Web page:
Writing in a medical journal about a recent visit to two children’s hospitals in Israel, Turnberg said: “At Safra Children’s Hospital [Tel Hashomer] at any one time, there are 30-40 children from Gaza with their families receiving specialist care such as cardiac surgery or bone marrow transplantation. More than half of their cardiac surgery patients are from Gaza.
“Similarly, at the Schneider Children’s Hospital [in Petah Tikva] we saw many Palestinian children being cared for, and a pediatrician from Gaza spent 18 months training in pediatric oncology. There are many such interactions, but they remain largely unpublished, in part at least because of the fear of Hamas,” he said.
“The speakers [at the conference] promote rather extreme anti-Israel opinions and I have never heard any of them utter a word about all the positive virtues and values that Israel espouses,” Turnberg said. “Hence their views can hardly be regarded as balanced or worthy of them.
“I know many of them and respect their work in other fields. It is unfortunate that they have taken the stance they have on the Israel-Palestine conflict. A few words from any of them on the humanitarian work done in Israeli hospitals for Palestinians from Gaza and the West Bank would go a little way to demonstrate at least a partial lack of bias, but I suspect that that would be asking too much.”
“Resolving healthcare problems in Gaza requires engagement with Israel, Israelis and Gazans, not posturing in Oxford,” said David Katz, professor of Immunology at University College London. “Unfortunately, this panel does not inspire confidence and suggests a propaganda publicity stunt. Surely an eminent epidemiologist like Sir Iain should be circumspect about associating with George Galloway, or indeed with Dr. Horton, whose poor track record of judgment on the MMR [Measles, mumps and rubella] vaccine saga speaks for itself.”
Stuart Stanton, professor emeritus at St George’s Hospital Medical School, London, and chairman of Hadassah UK, said Israeli hospitals don’t discriminate.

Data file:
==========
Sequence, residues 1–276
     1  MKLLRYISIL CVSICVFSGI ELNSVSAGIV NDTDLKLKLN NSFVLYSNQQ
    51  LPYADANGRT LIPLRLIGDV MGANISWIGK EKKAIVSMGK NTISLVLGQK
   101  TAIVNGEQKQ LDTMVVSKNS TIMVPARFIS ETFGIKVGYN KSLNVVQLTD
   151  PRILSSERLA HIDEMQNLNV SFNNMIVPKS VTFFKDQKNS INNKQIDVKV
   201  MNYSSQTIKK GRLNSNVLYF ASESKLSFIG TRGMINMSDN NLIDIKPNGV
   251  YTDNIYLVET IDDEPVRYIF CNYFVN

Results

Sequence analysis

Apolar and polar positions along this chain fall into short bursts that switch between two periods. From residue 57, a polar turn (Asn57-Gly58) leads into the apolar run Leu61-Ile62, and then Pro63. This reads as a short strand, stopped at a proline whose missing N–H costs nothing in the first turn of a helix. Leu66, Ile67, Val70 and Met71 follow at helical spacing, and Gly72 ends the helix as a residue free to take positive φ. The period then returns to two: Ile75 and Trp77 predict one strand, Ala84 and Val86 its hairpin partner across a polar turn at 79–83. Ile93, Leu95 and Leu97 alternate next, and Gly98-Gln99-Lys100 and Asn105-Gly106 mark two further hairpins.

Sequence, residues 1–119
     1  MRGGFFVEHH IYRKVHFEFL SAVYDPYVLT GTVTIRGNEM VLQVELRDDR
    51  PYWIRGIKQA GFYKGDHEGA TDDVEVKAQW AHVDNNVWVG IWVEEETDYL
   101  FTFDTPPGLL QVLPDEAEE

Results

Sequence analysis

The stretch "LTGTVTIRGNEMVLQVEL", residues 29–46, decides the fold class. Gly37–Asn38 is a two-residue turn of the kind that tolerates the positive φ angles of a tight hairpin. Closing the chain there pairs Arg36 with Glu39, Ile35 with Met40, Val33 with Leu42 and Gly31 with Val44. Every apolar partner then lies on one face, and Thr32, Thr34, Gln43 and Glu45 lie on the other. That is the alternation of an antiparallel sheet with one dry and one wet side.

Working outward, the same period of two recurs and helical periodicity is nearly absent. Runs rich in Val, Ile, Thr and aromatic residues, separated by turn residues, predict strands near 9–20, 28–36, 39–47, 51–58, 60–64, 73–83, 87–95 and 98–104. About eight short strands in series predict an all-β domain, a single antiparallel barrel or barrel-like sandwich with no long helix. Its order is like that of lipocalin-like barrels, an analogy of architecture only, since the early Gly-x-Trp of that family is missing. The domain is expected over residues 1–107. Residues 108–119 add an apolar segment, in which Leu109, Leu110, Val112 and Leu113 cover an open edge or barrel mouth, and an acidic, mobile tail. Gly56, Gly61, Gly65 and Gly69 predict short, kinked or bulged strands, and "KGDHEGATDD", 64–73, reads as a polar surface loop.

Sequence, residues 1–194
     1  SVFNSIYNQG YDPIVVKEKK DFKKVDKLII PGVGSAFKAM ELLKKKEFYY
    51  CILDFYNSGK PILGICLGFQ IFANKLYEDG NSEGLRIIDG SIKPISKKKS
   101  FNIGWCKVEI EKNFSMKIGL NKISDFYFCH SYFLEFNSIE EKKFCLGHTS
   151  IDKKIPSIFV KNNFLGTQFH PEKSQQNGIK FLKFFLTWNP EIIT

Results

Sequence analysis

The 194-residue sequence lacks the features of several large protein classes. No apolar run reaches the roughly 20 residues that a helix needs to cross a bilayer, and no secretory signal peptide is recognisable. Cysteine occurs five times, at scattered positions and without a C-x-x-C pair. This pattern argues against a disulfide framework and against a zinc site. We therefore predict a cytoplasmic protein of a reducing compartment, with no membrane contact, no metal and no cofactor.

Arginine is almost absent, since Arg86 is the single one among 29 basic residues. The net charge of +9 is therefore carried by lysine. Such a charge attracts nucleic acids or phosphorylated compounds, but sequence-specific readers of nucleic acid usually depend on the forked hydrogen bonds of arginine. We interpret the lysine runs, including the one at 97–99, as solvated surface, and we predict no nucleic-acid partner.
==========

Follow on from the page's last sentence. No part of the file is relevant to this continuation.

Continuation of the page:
“Hadassah, and other hospitals in Israel, brings first-class medical attention to the Palestinian population,” Stanton said. “Hadassah in Jerusalem did not let politics onto its premises when saving the lives of Palestinian suicide bombers injured while killing hundreds of Israelis. We do not let politics into our premises when we save lives of Palestinian babies with severe heart defects. We ignore political aspects when we conduct dozens of collaborative research and clinical projects with Palestinian physicians in a variety of medical and health areas.”
The Oxford Society for Medicine is said to “promote debate on key issues.” However, a debate has two sides, Stanton said.
Responding to the accusation, Abdel-Mannan said: “The focus of the conference was the obstacles to healthcare and medical education in the occupied territories rather than Israel’s role.
“As it was completely open to the public, anyone who was concerned that it may be unfairly critical of Israel could have attended the event. We are a society that encourages debate from all sides and thrives on discussion between academics, students and medics,” he maintained.
“I would also like to add that one of our speakers urged support to Israeli human rights organisations during the conference, and mentioned their exemplary work particularly in light of recent threats to their charitable status,” Abdel-Mannan added.